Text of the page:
Example:
Nutrition information programs that incorporate heart health in restaurants cannot identify menu items with hearts. Menu items may instead be identified using a check mark () to draw attention to good or healthy choices, provided that the information provided satisfies the requirements stated above and the reason for the program is made clear.

Health authorities do agree that a single pattern of healthy eating should be recommended to the public. However, even though a healthy diet may help reduce the risk of cardiovascular disease, it is only one factor in the multiple etiology of the disease.

Exceptions – Acceptable Uses of Heart Symbols or Heart Health Claims

Symbols of Affection

No objection will be taken to heart symbols used in a manner traditionally recognized as indicating affection or endearment, such as heart-shaped cinnamon candies, heart-shaped boxes of chocolates, or heart illustrations on food products sold for Valentine's Day.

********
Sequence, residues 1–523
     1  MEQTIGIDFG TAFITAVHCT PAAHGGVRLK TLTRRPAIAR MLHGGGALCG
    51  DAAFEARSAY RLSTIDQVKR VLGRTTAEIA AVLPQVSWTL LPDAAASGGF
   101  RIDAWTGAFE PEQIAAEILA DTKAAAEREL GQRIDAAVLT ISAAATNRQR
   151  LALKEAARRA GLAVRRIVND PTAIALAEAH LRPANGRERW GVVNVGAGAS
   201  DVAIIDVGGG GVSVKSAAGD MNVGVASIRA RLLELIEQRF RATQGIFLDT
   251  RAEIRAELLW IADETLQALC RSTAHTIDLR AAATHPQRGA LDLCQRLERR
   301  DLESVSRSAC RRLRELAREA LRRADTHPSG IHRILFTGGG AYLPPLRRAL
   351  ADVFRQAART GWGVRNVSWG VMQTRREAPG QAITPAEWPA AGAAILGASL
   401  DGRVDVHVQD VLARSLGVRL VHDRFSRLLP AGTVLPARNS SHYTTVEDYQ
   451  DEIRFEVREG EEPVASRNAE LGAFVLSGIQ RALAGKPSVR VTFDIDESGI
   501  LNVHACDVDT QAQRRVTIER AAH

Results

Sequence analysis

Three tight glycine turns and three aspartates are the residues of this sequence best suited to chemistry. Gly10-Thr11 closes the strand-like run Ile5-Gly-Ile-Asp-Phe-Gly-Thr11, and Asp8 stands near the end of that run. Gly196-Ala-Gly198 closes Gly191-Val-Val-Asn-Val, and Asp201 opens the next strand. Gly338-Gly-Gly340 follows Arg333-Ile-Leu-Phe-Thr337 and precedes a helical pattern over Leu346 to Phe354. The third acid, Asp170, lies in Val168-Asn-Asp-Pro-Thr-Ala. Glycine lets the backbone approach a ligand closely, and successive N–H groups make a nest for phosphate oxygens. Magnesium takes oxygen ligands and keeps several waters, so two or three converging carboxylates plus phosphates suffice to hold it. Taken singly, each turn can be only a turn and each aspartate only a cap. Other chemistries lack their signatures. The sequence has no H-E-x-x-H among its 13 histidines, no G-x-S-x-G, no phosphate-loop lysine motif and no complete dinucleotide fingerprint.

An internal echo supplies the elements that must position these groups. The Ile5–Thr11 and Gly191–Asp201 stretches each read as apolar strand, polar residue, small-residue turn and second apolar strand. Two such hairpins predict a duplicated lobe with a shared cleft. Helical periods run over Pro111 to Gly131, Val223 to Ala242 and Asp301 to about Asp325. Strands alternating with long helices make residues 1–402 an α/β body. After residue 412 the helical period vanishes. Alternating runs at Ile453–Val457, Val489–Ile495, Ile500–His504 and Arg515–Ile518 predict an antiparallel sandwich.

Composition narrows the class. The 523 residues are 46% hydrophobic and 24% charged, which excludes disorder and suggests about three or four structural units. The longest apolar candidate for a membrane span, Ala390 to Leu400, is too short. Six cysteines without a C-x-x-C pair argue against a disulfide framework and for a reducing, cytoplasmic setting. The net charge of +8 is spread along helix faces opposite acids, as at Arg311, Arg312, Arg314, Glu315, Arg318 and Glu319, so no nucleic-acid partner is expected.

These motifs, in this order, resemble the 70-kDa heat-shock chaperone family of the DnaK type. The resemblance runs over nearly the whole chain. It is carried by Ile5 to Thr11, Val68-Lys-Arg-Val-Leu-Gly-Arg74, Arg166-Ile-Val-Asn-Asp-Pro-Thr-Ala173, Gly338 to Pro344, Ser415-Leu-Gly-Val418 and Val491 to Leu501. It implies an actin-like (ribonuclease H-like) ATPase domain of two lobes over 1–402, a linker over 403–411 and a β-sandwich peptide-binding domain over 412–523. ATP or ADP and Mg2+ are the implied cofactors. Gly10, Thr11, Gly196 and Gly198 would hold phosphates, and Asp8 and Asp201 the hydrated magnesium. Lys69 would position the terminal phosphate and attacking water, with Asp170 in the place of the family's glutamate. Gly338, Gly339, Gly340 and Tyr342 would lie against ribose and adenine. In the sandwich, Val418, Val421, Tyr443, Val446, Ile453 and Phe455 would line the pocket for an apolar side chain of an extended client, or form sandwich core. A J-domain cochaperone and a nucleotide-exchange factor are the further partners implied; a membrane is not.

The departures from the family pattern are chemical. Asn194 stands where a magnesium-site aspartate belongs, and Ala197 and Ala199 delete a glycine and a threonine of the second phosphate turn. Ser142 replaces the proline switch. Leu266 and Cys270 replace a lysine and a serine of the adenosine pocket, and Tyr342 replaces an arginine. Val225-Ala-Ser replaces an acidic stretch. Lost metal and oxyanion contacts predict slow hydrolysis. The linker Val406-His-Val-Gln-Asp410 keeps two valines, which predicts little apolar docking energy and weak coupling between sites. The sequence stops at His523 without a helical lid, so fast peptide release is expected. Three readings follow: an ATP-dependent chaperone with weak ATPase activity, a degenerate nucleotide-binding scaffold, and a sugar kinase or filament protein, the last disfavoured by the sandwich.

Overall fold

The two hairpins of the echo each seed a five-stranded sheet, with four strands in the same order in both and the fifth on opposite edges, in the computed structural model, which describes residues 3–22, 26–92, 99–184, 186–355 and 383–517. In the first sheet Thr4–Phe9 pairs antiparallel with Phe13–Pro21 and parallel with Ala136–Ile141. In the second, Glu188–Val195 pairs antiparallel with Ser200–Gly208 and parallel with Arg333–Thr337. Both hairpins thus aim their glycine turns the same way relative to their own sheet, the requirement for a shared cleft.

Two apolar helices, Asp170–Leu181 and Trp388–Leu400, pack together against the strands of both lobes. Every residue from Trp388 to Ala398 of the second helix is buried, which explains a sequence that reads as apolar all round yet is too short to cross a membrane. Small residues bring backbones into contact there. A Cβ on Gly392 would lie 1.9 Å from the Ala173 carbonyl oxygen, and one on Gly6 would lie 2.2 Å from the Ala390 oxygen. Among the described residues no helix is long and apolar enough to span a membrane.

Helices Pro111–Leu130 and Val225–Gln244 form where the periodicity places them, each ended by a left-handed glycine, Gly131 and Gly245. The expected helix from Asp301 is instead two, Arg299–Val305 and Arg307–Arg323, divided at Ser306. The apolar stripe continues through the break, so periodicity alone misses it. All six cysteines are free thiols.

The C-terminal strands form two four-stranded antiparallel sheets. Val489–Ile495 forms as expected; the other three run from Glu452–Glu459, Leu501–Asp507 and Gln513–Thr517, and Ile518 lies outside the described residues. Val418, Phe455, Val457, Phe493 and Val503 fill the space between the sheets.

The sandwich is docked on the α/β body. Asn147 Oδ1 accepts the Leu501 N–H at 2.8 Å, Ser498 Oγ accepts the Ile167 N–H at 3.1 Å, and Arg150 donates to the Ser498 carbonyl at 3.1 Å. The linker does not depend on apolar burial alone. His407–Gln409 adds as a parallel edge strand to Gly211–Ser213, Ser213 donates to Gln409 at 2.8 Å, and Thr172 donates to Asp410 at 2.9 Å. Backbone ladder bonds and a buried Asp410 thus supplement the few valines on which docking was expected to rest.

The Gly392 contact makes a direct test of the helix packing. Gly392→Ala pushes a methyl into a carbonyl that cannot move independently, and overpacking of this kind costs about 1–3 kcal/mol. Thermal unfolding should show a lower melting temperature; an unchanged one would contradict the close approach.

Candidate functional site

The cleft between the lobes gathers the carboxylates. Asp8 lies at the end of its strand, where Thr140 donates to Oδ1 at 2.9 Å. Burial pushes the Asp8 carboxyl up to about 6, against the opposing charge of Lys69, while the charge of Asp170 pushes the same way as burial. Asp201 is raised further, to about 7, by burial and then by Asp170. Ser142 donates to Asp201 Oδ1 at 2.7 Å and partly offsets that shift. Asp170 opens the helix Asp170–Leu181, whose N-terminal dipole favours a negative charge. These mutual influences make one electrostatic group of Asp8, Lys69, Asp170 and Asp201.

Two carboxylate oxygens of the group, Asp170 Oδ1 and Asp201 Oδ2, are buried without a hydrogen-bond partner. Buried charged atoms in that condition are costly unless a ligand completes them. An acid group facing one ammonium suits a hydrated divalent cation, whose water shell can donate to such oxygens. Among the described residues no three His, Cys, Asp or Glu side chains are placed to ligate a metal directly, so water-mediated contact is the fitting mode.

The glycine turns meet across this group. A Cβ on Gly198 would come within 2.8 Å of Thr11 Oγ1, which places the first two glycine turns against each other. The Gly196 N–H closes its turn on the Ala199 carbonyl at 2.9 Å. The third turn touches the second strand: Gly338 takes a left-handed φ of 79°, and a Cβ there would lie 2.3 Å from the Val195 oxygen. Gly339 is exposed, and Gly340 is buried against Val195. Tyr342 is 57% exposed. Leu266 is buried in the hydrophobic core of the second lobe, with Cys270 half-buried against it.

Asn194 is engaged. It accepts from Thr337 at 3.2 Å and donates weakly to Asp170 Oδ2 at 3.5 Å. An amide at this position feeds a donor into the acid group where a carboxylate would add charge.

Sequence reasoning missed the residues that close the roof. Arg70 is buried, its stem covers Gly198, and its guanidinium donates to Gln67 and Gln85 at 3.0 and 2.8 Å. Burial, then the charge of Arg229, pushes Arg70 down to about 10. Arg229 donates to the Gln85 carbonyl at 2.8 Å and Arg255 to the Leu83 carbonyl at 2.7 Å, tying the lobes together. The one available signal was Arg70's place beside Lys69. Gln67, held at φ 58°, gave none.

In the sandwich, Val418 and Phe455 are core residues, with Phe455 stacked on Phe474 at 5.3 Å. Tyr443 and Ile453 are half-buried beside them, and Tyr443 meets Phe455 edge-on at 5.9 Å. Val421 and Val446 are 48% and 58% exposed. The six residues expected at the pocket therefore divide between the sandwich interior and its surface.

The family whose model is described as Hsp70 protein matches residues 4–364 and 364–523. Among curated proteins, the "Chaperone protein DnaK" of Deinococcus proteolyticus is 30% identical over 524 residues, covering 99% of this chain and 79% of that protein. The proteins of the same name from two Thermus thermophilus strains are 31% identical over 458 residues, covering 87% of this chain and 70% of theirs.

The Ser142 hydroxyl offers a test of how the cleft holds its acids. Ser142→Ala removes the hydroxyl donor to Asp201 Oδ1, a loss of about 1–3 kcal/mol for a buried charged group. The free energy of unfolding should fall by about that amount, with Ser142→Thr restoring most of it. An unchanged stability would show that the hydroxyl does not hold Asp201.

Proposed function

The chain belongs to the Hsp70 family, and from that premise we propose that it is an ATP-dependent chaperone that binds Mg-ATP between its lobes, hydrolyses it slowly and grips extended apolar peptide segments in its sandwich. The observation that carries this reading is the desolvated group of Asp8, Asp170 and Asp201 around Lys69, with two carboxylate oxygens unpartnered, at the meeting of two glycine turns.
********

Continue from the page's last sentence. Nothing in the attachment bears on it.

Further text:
Health Organization Logo, Name or Program

Heart symbols may also be acceptable on food labels or advertisement when they appear in the logo or name of a health organization, or are used in conjunction with that organization's health information program, provided that:

  • no impression is given that the food may help prevent, treat or cure heart disease, and
  • the appearance of the health organization's name or logo itself satisfies the Third Party Endorsement policy.

Additionally, terms that employ the word "heart" may be acceptable as part of the name of an information program of a health organization provided the program is identified as such.